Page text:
Renewing our street trees with Flynn Hart

June 30, 2014

The role and value of trees in Newstead’s streets will be addressed at a Rocket Science talk at the Welshmans Reef Winery on Sunday, July 27th.

Landscape architect Flynn Hart will be the key speaker when the talk kicks off at 3.30pm.

Flynn is a practicing landscape architect and sessional lecturer at RMIT University School of Architecture and Design. He grew up in Newstead and recently moved to Castlemaine after many years in Melbourne.

His company, Pollen Studio, designs public and open spaces including children’s playgrounds, community gardens and other open spaces.

While not an arborist, Flynn is keenly aware of the role and value of trees in streetscapes.

Trees are incredibly valuable assets for communities. Just imagine Melbourne’s Royal Parade without its magnificent trees. It would be a completely different experience, one that sadly threatens to be all too common as our climate continues to change. Without street trees these vital public spaces are an impoverished experience.”

“Newstead without its elm trees would be similar,” Rocket Science Series II co-convenor Genevieve Barlow said. “The old elms have graced the town for decades, providing shade in summer, colour in autumn, stark beauty in winter and a tranquil presence all year round.”

Renewing Newstead’s street trees is a key priority in the town’s community plan which was completed and presented to Mount Alexander Shire Council last year.

Council responded to this priority by highlighting its development of a shire-wide street tree policy and said Newstead’s own community audit of its street trees could be considered in its annual budget allocation for street tree renewal.

“We understand the budgetary and other limits facing council so we are very keen to help move this critical project along by working in partnership with council staff to ensure we continue our forebears’ wonderful legacy of providing shade and beauty for this town’s residents and visitors for decades to come,” Genevieve said.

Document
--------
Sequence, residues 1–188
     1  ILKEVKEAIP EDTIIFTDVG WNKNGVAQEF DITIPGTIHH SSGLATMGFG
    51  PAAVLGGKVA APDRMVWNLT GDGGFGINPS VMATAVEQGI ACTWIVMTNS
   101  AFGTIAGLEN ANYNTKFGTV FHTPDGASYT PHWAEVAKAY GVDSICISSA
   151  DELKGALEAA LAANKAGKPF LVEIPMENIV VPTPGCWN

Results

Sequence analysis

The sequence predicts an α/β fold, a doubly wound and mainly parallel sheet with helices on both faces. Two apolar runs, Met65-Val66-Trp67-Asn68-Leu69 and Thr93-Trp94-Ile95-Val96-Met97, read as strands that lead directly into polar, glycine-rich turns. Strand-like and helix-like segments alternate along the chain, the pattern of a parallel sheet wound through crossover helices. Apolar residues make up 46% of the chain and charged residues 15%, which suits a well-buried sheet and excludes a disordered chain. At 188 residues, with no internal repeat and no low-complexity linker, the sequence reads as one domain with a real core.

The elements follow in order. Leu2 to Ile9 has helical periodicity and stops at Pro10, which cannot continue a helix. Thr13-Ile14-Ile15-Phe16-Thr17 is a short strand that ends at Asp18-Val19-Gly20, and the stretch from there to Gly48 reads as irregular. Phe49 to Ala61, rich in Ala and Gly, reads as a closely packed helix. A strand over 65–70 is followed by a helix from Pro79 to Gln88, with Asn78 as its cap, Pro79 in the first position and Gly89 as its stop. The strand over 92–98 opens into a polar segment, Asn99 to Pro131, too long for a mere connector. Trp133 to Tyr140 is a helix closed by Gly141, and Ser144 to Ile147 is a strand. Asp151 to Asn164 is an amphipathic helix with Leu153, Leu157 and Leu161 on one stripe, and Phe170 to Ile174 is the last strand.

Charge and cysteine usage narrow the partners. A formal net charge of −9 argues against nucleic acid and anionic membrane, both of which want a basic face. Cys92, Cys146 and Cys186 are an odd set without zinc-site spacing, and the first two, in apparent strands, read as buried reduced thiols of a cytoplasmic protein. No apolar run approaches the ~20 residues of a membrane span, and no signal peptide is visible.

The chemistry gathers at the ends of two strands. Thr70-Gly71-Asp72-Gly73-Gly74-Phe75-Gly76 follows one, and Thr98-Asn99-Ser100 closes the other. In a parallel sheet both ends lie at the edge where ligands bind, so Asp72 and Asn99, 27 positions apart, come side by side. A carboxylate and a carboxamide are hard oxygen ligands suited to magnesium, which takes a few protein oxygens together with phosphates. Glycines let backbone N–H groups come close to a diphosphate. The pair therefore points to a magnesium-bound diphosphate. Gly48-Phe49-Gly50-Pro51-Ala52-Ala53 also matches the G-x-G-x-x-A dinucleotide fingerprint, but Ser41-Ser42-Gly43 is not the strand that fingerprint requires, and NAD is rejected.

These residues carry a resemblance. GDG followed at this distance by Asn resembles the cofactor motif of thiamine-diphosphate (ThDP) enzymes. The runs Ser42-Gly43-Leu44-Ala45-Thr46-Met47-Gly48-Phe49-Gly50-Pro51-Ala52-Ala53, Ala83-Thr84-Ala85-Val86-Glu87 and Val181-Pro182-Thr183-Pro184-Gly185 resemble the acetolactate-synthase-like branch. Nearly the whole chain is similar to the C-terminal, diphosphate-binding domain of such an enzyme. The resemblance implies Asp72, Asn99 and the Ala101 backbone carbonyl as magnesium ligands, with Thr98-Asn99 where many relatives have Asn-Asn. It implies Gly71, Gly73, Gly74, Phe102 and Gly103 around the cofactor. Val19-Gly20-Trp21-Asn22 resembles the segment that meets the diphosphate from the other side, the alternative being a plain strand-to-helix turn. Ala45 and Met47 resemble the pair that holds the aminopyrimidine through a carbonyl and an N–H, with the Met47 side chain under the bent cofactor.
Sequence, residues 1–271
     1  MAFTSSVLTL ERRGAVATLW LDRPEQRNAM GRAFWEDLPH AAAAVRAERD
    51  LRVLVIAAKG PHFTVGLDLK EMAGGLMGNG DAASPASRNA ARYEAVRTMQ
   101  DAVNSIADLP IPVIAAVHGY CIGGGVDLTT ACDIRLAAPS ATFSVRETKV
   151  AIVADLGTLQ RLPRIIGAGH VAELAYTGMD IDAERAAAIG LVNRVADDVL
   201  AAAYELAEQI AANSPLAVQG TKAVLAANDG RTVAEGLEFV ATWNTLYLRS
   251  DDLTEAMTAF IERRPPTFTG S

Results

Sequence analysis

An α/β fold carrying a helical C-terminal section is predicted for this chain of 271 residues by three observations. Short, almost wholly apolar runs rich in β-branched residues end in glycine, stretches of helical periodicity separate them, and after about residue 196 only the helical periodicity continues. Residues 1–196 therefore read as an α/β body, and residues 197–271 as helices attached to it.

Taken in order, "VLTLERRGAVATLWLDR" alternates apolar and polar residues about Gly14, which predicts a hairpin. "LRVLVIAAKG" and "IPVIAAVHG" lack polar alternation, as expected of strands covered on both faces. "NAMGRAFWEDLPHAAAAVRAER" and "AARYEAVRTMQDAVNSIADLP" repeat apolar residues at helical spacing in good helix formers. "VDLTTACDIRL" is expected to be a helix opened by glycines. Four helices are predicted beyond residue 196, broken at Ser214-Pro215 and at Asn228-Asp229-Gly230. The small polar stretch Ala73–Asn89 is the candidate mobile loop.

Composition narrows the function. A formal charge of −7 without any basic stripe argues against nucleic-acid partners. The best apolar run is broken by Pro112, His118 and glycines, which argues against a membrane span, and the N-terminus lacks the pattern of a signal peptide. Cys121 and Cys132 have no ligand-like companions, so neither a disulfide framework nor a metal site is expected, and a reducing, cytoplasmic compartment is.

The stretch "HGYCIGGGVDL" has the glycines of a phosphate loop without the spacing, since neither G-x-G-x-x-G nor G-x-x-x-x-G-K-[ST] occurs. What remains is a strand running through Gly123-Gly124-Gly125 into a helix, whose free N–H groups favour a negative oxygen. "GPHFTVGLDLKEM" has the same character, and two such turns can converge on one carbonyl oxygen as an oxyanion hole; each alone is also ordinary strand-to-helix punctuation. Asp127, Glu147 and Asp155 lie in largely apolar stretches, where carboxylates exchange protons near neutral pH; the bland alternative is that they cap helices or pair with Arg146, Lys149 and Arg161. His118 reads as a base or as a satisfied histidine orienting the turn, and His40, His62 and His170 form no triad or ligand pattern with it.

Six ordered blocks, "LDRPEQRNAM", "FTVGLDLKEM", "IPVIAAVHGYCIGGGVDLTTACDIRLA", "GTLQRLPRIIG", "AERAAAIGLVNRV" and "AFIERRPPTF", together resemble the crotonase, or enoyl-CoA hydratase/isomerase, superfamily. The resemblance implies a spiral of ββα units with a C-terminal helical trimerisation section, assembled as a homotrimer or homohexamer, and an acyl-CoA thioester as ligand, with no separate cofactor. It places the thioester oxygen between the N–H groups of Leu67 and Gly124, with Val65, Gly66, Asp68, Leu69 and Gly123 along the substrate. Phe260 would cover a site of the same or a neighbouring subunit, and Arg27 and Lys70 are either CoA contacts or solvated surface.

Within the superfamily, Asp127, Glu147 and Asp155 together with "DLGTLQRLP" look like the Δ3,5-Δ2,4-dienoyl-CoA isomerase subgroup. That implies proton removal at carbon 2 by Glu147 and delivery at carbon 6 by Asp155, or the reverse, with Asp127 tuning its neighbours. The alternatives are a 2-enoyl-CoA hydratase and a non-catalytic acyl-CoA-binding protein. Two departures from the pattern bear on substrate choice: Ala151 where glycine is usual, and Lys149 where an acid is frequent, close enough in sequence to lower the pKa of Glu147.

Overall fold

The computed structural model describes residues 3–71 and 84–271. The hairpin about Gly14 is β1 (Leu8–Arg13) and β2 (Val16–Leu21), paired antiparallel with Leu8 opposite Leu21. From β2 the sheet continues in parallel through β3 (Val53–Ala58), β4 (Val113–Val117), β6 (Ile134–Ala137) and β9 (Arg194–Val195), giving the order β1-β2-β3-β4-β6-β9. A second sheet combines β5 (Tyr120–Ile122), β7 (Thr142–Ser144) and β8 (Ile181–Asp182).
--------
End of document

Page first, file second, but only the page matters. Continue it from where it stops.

“We have also invited council’s street tree planner along to our Rocket Science session to give us some insight on the street tree planning process and how council decides what trees to plant where and what plans are already in place for street tree plantings in Newstead. We see this as a key opportunity to inform our community on this process and invite residents and others to come along to be part of the discussion on July 27.”

Rocket Science talks are informal, information sharing forums to educate and inspire. The first series began in 2008. The current series is funded by Mount Alexander Shire with a ‘Strengthening Our Community’ grant.

Details: Genevieve Barlow 0427 762 633

 


“Rocket Science” – Series 2 … back by popular demand

June 3, 2014

Can we shape our town?
with Trevor Budge

Welshman’s Reef Winery, Newstead

Sunday 22nd June at 3:30pm
Coffee and wine available!

Trevor will address what it takes to design a community friendly town and the need for an overall vision. He will tell us how good design and planning for private and public property helps engender a spirit of care and humanity in a changing climate.

Trevor Budge is a leading voice in regional and rural planning. He is currently an Associate Professor (Professional Practice) at La Trobe University and holds the full time position as Manager of Strategy at the City of Greater Bendigo. He is a former co-ordinator of the rural and regional planning undergraduate and postgraduate courses at La Trobe University, and a former adjunct professor at RMIT. He also holds the position of a Visiting Professor in the Town and Country Planning Program at the University of Moratuwa in Sri Lanka. In 2011 he was awarded an AM – Member in the General Division in the Order of Australia ‘for service to town planning, particularly the development of regional and rural communities in Victoria, and to education’. He has been awarded a Life Fellowship and Lifetime Achievement Award from the Planning Institute of Australia. He was Victorian President of the Institute for three years. He chaired the Institute’s National Education Committee for six years, which is responsible for the national accreditation of courses and has a long running involvement with the Institute’s Planning for Health Program. He is a Board Member of Victoria Walks, which is sponsored by VicHealth and a member of the Victorian Food Alliance Advisory Council. He has played a leading role in establishing the Planning Institute’s six-year Post Tsunami project in Sri Lanka. FDor six years he was a Ministerial Appointee on the Victorian Catchment management Council.

He has a BA with majors in Geography and History, a Diploma of Education, a Diploma of Town and Country Planning, and an MA by research in Town Planning. He has worked for State government departments, regional planning bodies and local government and he conducted his own consulting business for 16 years.  He established Victoria’s first courses in urban and regional planning offered outside a metropolitan setting and secured national accreditation for them by the Planning Institute of Australia.

This series is designed to explore and prompt debate about how we might achieve the goals outlined in Newstead’s Community Plan. It has been funded by Mount Alexander Shire’s Strengthening our Community Grants Program.

Further details, contact Genevieve Barlow 0427 762633, David Stratton 0428 310825, Geoff Park 0418 138632


To Revive the Murray Darling … just add water!

March 28, 2010